Patricia Clarkson has paid her dues the way many actresses have, by taking small roles in big and small films, tons of TV work, and of course the indie-film circuit. In other words, she's hustled to get to where she is today. After Yale, she worked in New York theater before a few TV parts and then her big-screen debut: opposite Kevin Costner, as Elliot Ness' wife in Brian De Palma's 1987 movie version of the TV series The Untouchables. But after a role opposite another Hollywood hunk, Clint Eastwood's Dirty Harry in 1988's The Dead Pool, and in the Louisiana-based Everybody's All-American that same year, most of her work came on the little screen.
Then came 1998's High Art, Lisa Cholodenko's debut effort; Clarkson played Greta, the burned-out and junked-up German actress clinging to her photographer lover Ally Sheedy. Though the film was billed as Sheedy's comeback, Clarkson earned an Independent Spirit Award nomination for her work. Greta, despite her many foibles, oozes with sexuality; even in her fog, she looks like she could be a handful for any man or woman. And it is Clarkson's sexuality that has perhaps been her secret weapon; even as mom or wife or confidante, there always is something simmering underneath.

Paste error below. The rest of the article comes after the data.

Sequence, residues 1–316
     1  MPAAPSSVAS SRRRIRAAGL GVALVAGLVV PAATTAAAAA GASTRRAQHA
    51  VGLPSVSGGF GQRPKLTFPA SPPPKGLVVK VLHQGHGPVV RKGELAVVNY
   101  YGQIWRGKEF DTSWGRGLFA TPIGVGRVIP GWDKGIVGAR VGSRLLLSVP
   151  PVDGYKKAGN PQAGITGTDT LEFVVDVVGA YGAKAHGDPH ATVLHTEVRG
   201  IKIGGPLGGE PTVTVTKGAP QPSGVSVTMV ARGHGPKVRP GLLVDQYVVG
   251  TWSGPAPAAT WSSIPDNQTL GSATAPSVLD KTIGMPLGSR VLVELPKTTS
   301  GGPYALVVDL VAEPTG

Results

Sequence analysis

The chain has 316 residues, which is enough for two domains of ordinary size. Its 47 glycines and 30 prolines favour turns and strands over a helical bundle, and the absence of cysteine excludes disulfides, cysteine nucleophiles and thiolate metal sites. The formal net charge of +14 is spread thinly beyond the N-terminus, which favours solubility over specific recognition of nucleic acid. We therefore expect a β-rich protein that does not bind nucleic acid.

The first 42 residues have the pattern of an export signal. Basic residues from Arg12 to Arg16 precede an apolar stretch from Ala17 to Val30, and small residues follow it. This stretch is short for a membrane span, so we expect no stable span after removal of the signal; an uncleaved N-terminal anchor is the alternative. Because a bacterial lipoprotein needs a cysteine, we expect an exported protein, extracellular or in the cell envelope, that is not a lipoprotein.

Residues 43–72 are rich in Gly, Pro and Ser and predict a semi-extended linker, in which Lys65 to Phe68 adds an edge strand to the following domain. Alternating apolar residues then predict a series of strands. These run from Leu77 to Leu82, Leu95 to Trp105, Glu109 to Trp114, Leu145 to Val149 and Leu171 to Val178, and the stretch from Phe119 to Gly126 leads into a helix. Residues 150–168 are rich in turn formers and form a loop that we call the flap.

"That's very flattering," Clarkson responds to the suggestion of the sexuality that permeates her roles, "but that's a very important thing. I think it's crucial. When I refer to the emotional life of a character as integral, one of the facets of a person's life is sexuality and sensuality -- how they feel sexually. It relates to where they live, what place they are in their life. Not sexual preference; that's important, but what's more important in High Art was where Greta was emotionally sexually, of being possibly left behind. And then my character in Far From Heaven, whose sexuality I think is somewhat repressed because of the time, may be bubbling in moments. She likes to think she's progressive but isn't."
High Art triggered a chain reaction of small big-screen roles for Clarkson, who appeared in Simply Irresistible, Playing by Heart, The Green Mile, Joe Gould's Secret and The Pledge before the even busier period that spawned her recent fame. With that fame, of course, comes more scrutiny; for the first time in Clarkson's life, a romantic relationship has attracted attention. Her relationship with actor Campbell Scott, son of the late, great George C. Scott, has become a "thing" with the media. While she prefers not to discuss the details of the relationship, she concedes it's a challenge having something so public.